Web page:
I think many people are thoroughly confused by the problem of free will. I think the easiest way to understand is this: there is a metaphysical definition of free will and there is an ethical definition of free will. The metaphysical definition is that there exists a will that is uncaused and undetermined. The metaphysical debate is concerned with whether this is true or not. Now, the ethical definition of free will is an uncoerced, self-controlled will. This doesn’t mean that such wills are neceessarily undetermined. It is rather that one isn’t coerced by others or that one has the ability of self-control –”essentially a means by which one consciously decides to overrule subconsciously delivered impulses—an exercise of free will if you wish.” (Patricia Churchland) Not every animal is able to override their subconscious impulses through reason. Yes, even this rational process is determined by bio-chemical processes and physical constraints. So what? Like I mentioned already, this is something of which only rational animals seem to be capable, and it profoundly influences our ethical intuitions. Hence, the name– the ethical defintion of free will.
These two definitions do not necessarily conflict with each other. Even if one were a determinist, one could still acknowledge that human beings do have this peculiar ability to not eat ice cream when we’re on a diet. Of course, these two definitions do conflict if one believed in libertarian free will –the belief that the will is uncaused and undetermined. However, this is not where most of the conflict in the free will debate comes from –most thinkers are not libertarians! The debate actually mostly takes place between determinists.
So what is causing those on the same side to feud so much? Well, the contention is whether or not we ought to replace the metaphysical definition with the ethical definition of free will. Let’s call these two sides Sam Harris and Daniel Dennett. Sam Harris believes that the metaphysical definition is the one many people care about; therefore, it needs to be the one we use. This might ring a bell with those who grew up religious –particularly, the abrahamic religions. They do claim that free will is libertarian. We also see some manifestations of such definitions of free will from existentialists and even popular shows like Buffy the Vampire Slayer. This seems to be a very plausible posotion, because it does indeed seem to be the case that the metaphysical definition of free will is the one we truly care about. So why does Daniel Dennet keep insisting that we must replace it?
Well, Dennet has a case. First, he believes that the metaphysical definition of free will –a will that is uncaused and undetermined– is meaningless. Why? Because it obviously doesn’t exist. It’s like arguing about whether unicorns exist or not. There is nothing to argue. The case is closed. Let’s move on. Let’s replace this stupid definition with an ethical definition of free will. Second, Dennett makes the claim that, if we probe deeper into our psychology, the one we truly care about is the ethical definition. Often the positions in which we claim to believe do not necessarily coincide with what we actually believe. For example, many pro-lifers believe that abortion is murder. Yet, when you ask them if the mother is a murderer for having aborted the baby, many of them believe that it is wrong to call the mother a murderer. When you probe deeper into one’s belief system, you often find more than what they seem to suggest in the surface. This just might be the case with free will. People might claim to be concerned with the metaphysical definition, but when we probe deeper they might actually care more about the ethical definition. There are clever ways to devise experiments to see if one truly cares about the latter or the former definition of free will. Rather than asking, straight ahead, do you believe in the metaphysical or ethical free will, we could ask them whether the consequences of either are troublesome or not. It’s better to do this because these terms are so loaded with biases and tribalism –like abortion– it gets in the way of seeing what people truly care about.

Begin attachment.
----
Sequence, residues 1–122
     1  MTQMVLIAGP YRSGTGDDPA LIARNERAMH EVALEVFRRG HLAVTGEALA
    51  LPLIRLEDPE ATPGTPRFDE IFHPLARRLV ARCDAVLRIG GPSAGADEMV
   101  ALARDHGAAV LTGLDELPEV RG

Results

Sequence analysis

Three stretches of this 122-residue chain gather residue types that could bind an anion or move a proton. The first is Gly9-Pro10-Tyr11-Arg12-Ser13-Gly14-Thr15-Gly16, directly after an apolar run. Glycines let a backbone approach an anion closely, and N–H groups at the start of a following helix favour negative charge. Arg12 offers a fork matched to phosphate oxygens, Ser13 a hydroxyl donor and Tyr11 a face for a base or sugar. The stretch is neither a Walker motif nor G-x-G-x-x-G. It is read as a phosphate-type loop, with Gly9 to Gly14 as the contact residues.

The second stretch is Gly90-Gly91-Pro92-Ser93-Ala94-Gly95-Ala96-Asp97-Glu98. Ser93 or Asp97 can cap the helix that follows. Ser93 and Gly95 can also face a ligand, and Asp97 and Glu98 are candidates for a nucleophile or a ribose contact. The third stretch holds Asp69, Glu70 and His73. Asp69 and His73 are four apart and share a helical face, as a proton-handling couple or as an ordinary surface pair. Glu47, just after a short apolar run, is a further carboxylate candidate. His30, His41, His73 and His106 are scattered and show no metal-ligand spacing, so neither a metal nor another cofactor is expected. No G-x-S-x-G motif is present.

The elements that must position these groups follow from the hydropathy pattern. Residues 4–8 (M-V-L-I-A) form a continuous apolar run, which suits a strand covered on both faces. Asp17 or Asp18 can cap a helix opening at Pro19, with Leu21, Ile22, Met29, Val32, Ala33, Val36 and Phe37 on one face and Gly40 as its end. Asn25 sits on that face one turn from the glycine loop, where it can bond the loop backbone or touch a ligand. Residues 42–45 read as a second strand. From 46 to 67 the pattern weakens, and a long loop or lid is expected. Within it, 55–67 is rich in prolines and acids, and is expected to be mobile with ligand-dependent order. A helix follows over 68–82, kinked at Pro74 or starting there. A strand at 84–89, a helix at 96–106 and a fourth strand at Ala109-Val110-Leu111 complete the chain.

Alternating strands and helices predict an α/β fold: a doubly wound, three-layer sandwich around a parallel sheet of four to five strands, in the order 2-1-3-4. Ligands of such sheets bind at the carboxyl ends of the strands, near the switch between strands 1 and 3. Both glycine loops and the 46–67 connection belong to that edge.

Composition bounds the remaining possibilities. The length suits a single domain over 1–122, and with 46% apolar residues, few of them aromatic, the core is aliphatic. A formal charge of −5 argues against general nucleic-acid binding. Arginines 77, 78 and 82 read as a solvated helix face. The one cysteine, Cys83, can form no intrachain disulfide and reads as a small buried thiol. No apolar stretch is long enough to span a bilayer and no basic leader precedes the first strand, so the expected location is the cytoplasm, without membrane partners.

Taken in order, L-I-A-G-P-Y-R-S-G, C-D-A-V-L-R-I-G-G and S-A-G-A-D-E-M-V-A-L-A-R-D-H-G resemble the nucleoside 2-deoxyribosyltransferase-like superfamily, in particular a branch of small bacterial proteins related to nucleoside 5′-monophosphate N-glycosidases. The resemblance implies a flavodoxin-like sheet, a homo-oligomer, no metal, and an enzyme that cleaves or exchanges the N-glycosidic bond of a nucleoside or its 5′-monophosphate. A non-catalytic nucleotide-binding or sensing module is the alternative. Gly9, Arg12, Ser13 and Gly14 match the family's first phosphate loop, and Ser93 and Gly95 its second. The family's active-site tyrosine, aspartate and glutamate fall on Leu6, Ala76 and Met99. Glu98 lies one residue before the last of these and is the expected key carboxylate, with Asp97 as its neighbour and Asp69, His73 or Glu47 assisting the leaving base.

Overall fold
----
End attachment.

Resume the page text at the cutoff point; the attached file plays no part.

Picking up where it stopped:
So who’s right? I lean more towards compabilism –also known as Daniel Dennett’s position. I think the metaphysical debate is fruitless. There is no God, there is no will outside the constraints of the physical world. Let’s move on. I know that this may sound deflationary, and that Sam Harris might be right in that people do truly care about the libertarian definition of free will even if it were false. Well, I wouldn’t be so hasty. Such claims ultimately are determined by empirical data. If it turns out that people care more about the metaphysical definition of free will, then we might just have to stick with it. If it turns out that we, in fact, care more about the ethical definition of free will, then Dennett is right –we should replace the metaphysical with the ethical.
Addendum: I forgot to mention the fact that the ethical definition of free will is used quite often in ordinary language. When one claims: “did you go with him of your own free will?” This person is obviously not asking whether their friend was free from the laws of physics. They’re asking whether their friend wasn’t coerced by another person. I’m sure you can think of many other examples and that is evidence for the fact that the metaphysical definition of free will isn’t as overwhelmingly dominant as Sam Harris often makes it out to be. I don’t think such thought experiments are sufficient to conclude that the ethical definition means more to us. But they do hint at the unwarranted assumption that the metaphysical definition is overwhelmingly used – we actually use the ethical definition quite a lot.